Gay rights are easier and it’s a good reason to doubt Tulsi’s dedication to sanatana dharma, as she puts the name of her religion herself. Having said that, I don’t actually have a problem with gay marriage. The more I think about it the clearer it becomes – gays should better stay in monogamous relationships. They are not going to live with women, that’s just not happening anymore, so being “married” is the next best thing, from varnashrama perspective.
If by marriage they mean having the same tax breaks as actually married couples I can’t care less what they legally call it. Should they be allowed to adopt children? As long as we have orphans who need to be looked after it’s not easy to argue why not. Would these orphans be better off as orphans or as children who grew up with gay parents?
The only downside is the effect on these children’s understanding of what sex is and what it is for but people get wrong ideas about it without being raised by gays, so that might not have a big effect after all. Who will have a better chance of becoming a devotee – an orphan or a gay parents’ adopted kid? I don’t know, there are too many variables, and so altogether I don’t see many reasons to object to gay adoptions.
Gays in ISKCON, however, is a completely different story. Out there they can live whatever perverted life they create for themselves but to be a devotee one must give up sex as means of enjoyment, which is impossible for gays. They should either become celibate and forget about their sexual orientation altogether or they should marry a woman (or a man, for lesbians) and raise Krishna conscious children.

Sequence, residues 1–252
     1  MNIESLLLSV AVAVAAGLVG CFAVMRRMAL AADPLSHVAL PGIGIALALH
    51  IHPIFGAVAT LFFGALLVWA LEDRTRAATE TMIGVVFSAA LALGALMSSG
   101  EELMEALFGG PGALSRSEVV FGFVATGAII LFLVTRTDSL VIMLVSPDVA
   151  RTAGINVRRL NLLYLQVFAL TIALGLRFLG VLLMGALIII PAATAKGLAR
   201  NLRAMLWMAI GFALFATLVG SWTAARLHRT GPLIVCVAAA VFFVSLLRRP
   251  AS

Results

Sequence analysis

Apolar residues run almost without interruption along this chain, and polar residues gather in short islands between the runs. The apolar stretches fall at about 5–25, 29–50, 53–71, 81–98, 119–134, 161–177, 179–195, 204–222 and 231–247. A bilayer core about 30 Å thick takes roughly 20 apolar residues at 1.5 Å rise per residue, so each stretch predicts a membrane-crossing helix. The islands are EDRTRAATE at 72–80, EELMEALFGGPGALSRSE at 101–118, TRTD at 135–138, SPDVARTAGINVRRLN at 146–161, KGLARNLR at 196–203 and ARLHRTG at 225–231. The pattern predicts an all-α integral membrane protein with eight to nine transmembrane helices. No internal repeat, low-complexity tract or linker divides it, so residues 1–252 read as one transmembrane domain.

Would that be against their gay nature? I bet it would, but devotees should live for the pleasure of Krishna, not for themselves. There’s a reason why human life on this planet is so special – it gives one the opportunity to develop his Krishna consciousness. If being gay is not suitable for devotional service – tough luck, dogs and cats have it even worse.
We can’t save everyone, Sivananda Sena once saved a dog that followed his party to Jagannatha Puri and Lord Chaitanya saved lots of wild animals in Jarikhanda forest but our abilities are limited. If we can’t save gays then we can’t do it, period.
Gay people can chant, they can read books, they can preach, they can do tons of service, they can beget children, but engaging in gay sex isn’t one of the options. They should accept this limitation just as western devotees accept not being allowed to enter temple of Lord Jagannatha.
Should they be given initiation? Why not, as long as they follow the fourth regulative principle just as straight devotees do – sex only for procreation. If they can’t commit themselves to that – tough luck. Having formal initiation and being accepted by Krishna as a servant of His servants are not one and the same thing anyway. Not having diksa is a big loss but it’s not fatal.
So, as long as Tulsi doesn’t promote homosexuality among devotees I don’t have a problem with her gay rights stance, I think Bhakti Vikasa Swami has overreacted somewhat her, though his objection was against new.iskcon.org, not against Tulsi herself, and that is a whole other topic.